Boston, Lincolnshire: Organised Crime Gangs ‘Putting Lives At Risk’ With Counterfeit Alcohol

22 Jul

Fake Alcohol 'Is Putting Lives At Risk'

Fake Alcohol ‘Is Putting Lives At Risk’

Fake alcohol for sale in shops, bars and clubs is putting lives at risk as counterfeiters try to make money, Sky News has found.

Chemicals used in anti-freeze, screen-wash and cleaning fluid have been discovered in spirits, beer and wine up and down the country.

Consultant Vikas Sodiwala believes a growing number of patients have been coming into accident and emergency at Lincoln County Hospital thinking their drinks have been spiked, when if fact they have drunk fake alcohol brands.

“It can be extremely dangerous,” he said.

“The abdominal pain can be severe, and they will need medication to get on top of that.”

He said that one outcome can be permanent blindness: “It can lead to liver failure. It can lead to kidney failure and it can ultimately lead to death.”

In March, Lincolnshire Trading Standards, the police and Her Majesty’s Revenue And Customs raided three stores in Boston.

They found fake Smirnoff vodka containing the solvent isopropanol.

Two of the shops raided at the time lost their alcohol licences and another had its licence suspended.

Last week, in the same town, five men lost their lives during an explosion at what was believed to be an illegal vodka distillery set up in an industrial unit.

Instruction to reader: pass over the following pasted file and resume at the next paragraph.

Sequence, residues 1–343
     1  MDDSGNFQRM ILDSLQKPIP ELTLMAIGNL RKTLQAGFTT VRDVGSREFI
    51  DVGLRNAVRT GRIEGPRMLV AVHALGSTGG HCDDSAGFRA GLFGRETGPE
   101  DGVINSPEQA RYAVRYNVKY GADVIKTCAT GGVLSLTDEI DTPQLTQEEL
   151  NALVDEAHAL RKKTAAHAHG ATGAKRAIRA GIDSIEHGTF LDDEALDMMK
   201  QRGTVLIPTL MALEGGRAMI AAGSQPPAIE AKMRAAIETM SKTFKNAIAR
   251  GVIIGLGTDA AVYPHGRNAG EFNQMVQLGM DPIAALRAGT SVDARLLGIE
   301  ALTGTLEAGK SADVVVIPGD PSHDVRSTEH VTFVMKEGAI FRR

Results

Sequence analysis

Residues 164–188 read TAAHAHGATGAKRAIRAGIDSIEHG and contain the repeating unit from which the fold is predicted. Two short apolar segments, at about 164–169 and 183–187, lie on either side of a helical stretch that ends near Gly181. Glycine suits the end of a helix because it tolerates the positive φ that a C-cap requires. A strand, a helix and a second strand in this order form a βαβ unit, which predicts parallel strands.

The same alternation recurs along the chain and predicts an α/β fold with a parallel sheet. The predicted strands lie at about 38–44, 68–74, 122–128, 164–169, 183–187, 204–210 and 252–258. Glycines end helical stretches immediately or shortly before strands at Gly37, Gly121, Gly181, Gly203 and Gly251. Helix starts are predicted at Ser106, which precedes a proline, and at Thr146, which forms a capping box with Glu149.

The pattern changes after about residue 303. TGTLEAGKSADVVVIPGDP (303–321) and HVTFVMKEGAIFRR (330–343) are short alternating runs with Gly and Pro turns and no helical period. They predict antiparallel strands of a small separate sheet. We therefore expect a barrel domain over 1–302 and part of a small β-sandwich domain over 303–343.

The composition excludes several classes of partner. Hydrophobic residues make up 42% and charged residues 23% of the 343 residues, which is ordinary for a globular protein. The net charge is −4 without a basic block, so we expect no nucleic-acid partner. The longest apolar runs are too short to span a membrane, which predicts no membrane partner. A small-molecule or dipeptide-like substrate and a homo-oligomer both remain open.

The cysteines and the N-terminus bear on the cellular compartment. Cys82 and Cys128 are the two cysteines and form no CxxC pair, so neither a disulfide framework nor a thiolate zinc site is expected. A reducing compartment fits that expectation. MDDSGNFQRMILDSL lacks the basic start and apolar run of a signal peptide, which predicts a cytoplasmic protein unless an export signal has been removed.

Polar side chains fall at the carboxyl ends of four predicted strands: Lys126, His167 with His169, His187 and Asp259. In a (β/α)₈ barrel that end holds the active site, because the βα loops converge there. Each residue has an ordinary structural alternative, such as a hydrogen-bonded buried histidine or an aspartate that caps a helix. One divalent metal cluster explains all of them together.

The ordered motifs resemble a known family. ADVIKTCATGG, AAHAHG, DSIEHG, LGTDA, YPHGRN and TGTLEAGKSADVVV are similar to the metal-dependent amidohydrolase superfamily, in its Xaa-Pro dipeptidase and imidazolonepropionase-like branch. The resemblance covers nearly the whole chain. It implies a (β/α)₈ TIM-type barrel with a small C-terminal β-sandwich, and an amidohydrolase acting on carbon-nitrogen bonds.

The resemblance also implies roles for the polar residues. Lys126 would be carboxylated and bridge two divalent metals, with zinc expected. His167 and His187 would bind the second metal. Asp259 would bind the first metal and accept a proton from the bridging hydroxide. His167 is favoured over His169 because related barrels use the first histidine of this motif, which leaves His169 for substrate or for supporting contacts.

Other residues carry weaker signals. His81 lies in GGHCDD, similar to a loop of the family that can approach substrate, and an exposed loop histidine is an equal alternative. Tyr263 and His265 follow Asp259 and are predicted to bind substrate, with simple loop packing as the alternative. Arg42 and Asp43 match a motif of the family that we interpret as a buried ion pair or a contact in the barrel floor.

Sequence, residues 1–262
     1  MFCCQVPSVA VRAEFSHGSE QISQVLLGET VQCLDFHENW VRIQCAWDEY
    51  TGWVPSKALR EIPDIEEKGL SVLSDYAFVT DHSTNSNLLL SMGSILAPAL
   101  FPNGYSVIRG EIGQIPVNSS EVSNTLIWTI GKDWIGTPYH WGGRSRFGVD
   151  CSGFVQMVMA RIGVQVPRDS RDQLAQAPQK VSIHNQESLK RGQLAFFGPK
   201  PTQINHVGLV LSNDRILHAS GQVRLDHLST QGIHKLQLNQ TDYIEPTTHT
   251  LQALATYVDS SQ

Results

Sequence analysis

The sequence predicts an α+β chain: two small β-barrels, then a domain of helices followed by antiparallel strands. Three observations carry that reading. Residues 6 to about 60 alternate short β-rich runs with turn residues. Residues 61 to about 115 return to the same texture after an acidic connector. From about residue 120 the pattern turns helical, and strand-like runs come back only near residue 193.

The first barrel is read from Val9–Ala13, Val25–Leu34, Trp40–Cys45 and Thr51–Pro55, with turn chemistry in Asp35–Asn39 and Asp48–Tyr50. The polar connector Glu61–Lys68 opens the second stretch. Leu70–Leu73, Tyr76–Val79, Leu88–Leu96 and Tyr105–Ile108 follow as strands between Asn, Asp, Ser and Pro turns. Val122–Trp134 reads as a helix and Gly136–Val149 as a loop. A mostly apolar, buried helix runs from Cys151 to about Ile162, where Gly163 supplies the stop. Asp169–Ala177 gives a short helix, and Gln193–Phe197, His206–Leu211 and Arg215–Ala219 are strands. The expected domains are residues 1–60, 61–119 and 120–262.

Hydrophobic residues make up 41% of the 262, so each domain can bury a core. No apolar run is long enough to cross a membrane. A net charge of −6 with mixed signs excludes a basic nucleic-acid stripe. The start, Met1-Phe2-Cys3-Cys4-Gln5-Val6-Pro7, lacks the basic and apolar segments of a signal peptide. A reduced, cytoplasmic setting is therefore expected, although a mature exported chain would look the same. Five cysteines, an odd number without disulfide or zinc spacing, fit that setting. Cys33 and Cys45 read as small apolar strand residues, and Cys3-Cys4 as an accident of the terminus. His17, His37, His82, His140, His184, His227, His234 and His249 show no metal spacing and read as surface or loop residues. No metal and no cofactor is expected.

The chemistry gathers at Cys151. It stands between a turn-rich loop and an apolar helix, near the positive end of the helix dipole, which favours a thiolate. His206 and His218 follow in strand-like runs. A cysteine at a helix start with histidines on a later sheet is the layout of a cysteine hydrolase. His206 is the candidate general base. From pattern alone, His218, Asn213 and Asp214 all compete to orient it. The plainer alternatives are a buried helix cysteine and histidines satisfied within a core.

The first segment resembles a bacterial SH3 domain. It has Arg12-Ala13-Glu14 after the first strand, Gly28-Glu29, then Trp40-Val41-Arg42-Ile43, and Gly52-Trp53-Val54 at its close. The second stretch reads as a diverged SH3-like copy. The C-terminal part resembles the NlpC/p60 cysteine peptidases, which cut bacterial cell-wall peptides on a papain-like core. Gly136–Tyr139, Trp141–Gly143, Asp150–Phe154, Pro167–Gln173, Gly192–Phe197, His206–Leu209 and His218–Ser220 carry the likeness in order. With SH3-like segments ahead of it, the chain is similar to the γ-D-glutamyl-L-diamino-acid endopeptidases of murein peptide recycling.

But it is not just a problem in Boston – counterfeit alcohol is being sold around the country.

Some of it is manufactured in sheds and back rooms but the majority, it seems, is the work of organised crime gangs.

Chief Inspector Lee Pache, of Lincolnshire Police, said: “Talking to my colleagues in other areas – if you look at the infrastructure that takes place for the production of this alcohol, the bottling and also the outsourcing to other parts of the country, it is clearly a huge problem.”

Last year, six men were jailed for a total of 56 years after their fake vodka factory was uncovered in Hackney, London.

It was capable of producing 24 bottles a minute and churned out 1.3 million litres of the counterfeit spirit.

In all, alcohol fraud costs the UK around £600m a year in unpaid duty.

Trading standards officers say fake brands can sometimes be difficult to detect, but typical warning signs are spelling mistakes, inconsistant fill levels in bottles and “wonky” labels.

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